A major engineering breakthrough by researchers at the Australian National University could slash the price of solar power.
The team, led by The Duong from the ANU Research School of Engineering, made the discovery while experimenting with a "light harvesting" mineral compound called perovskite.
They combined perovskite with silicon and by using the materials in tandem have found the design is 26 per cent more efficient than conventional silicon solar cells.
Mr Duong, a PhD student within the school, said the advance could ultimately make it cheaper to produce solar power.
"We are now a step closer to a low cost alternative," he said.
"Until now efficiencies of this kind have only been achieved using high-cost materials normally used on satellites."
ANU Research School of Engineering Professor Kylie Catchpole said the research, published in Advanced Energy Materials was supported by $3.6 million in funding from the Australian Renewable Energy Agency.
The project, conducted in partnership with University of New South Wales, Monash University, Arizona State University, Suntech R&D Australia Pty Ltd and Trina Solar, was good news for renewables worldwide.
"What is important about the perovskite materials is you can process them at a low temperature, from a solution so you could potentially print them onto a surface," she said.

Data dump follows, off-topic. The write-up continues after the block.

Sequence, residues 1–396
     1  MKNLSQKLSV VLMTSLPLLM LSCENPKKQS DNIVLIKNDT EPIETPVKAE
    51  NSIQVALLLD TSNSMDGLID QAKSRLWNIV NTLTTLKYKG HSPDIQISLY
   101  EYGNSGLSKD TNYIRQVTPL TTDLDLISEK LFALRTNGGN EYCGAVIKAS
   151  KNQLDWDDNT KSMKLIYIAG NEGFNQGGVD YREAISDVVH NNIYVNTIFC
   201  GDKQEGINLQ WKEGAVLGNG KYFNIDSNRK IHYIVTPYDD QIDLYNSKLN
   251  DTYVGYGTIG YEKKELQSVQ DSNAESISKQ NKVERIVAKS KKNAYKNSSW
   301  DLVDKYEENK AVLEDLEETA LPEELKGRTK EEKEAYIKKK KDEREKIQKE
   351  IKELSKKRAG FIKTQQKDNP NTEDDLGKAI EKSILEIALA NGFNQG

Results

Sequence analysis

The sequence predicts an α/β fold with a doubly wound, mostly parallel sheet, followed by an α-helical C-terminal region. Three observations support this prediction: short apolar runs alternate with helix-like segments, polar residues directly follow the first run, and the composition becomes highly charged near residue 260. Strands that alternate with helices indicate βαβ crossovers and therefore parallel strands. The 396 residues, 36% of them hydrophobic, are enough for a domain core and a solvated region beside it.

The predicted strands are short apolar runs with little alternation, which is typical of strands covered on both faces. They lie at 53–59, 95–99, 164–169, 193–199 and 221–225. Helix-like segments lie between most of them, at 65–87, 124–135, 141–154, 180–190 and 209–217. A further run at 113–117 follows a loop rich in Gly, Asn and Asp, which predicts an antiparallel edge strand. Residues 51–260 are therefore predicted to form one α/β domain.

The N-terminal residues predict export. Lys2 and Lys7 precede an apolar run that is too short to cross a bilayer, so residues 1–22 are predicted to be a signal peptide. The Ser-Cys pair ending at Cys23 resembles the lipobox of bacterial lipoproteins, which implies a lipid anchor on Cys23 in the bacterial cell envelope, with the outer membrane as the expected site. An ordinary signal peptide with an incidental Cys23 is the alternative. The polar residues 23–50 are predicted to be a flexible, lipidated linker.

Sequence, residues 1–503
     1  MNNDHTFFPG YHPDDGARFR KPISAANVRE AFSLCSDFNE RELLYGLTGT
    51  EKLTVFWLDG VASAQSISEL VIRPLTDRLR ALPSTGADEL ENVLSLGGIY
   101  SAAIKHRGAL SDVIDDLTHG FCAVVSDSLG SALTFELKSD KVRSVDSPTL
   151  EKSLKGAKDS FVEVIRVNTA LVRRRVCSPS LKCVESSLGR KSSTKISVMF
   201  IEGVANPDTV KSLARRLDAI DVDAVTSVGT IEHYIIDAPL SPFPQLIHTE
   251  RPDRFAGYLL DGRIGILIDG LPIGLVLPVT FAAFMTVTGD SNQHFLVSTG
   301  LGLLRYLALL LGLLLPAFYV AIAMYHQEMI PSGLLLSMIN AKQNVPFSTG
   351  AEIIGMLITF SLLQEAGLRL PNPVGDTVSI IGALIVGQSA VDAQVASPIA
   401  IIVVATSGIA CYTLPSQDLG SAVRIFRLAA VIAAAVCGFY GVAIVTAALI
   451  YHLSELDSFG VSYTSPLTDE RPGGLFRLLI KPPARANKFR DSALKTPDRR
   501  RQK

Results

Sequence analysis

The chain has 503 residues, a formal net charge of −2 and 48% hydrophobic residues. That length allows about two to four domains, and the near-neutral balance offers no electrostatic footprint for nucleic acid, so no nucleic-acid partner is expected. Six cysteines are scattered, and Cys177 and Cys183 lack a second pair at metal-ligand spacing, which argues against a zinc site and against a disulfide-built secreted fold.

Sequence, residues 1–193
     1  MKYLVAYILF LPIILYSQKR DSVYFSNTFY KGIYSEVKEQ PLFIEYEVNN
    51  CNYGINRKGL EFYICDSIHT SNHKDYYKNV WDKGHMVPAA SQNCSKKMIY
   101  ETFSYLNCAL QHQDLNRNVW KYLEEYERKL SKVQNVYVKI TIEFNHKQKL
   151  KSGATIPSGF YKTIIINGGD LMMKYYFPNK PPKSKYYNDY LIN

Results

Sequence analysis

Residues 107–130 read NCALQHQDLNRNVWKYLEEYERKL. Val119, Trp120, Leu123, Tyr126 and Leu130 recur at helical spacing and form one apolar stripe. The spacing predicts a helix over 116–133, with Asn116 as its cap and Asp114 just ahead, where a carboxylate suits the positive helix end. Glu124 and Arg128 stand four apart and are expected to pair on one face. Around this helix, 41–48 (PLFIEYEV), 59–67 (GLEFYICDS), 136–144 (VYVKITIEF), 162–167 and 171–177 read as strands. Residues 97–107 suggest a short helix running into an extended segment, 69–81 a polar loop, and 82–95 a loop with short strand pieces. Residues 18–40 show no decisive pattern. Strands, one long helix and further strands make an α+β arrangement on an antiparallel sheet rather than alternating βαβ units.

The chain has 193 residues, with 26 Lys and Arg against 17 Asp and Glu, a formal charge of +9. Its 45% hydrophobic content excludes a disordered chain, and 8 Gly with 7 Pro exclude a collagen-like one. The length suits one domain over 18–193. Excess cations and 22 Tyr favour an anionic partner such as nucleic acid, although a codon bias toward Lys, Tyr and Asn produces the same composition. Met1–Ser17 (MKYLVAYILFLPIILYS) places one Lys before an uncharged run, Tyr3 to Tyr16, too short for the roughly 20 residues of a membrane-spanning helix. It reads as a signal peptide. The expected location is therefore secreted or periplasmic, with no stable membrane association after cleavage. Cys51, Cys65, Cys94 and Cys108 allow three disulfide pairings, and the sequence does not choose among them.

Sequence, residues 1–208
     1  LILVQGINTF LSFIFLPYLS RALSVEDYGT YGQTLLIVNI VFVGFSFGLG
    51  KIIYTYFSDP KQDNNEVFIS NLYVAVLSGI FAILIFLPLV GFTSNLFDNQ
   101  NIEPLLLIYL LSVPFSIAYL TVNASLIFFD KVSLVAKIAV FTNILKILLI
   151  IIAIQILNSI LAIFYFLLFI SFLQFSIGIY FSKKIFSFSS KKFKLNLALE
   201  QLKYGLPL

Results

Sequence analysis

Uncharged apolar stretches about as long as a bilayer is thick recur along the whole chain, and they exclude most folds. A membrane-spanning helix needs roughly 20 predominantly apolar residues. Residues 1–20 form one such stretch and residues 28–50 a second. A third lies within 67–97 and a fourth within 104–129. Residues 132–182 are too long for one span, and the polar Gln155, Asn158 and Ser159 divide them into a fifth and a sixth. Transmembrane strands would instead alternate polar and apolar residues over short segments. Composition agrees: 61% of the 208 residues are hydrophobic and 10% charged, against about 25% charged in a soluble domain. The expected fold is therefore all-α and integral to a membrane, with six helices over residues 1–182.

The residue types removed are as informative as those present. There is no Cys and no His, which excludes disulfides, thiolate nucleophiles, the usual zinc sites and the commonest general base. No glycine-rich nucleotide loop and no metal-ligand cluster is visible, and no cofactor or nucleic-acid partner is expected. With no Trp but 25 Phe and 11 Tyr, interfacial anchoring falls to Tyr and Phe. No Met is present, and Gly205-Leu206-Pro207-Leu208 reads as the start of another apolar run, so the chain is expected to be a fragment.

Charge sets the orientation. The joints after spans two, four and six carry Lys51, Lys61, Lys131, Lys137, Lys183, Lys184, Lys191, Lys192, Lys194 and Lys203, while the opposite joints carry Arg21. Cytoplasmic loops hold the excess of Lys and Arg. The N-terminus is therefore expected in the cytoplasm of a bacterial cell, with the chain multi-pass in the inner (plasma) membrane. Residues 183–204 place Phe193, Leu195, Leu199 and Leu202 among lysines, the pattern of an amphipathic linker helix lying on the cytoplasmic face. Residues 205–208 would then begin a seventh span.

"The processing costs are much lower than for silicon."
The materials worked in tandem to capture the most energy with the perovskite layer on top absorbing and getting higher voltage from blue light and red light going through to be absorbed by the silicon layer.
"If you just have one single material there is that compromise which limits the efficiency whereas if you have both materials you can get a higher efficiency overall," Professor Catchpole said.
Researchers hope by tinkering with the design they can increase efficiencies to 30 per cent and beyond in the near future.
However, as perovskite was sensitive to moisture the challenge ahead was to design a cell that protected the material and ensure it would continue to function reliably on exteriors and rooftops.
"They lose efficiency if they are not encapsulated," Professor Catchpole said.
"The key challenge for now is achieving the same stability as we have with silicon solar cells that can be put out on a roof for 20 years using perovskite."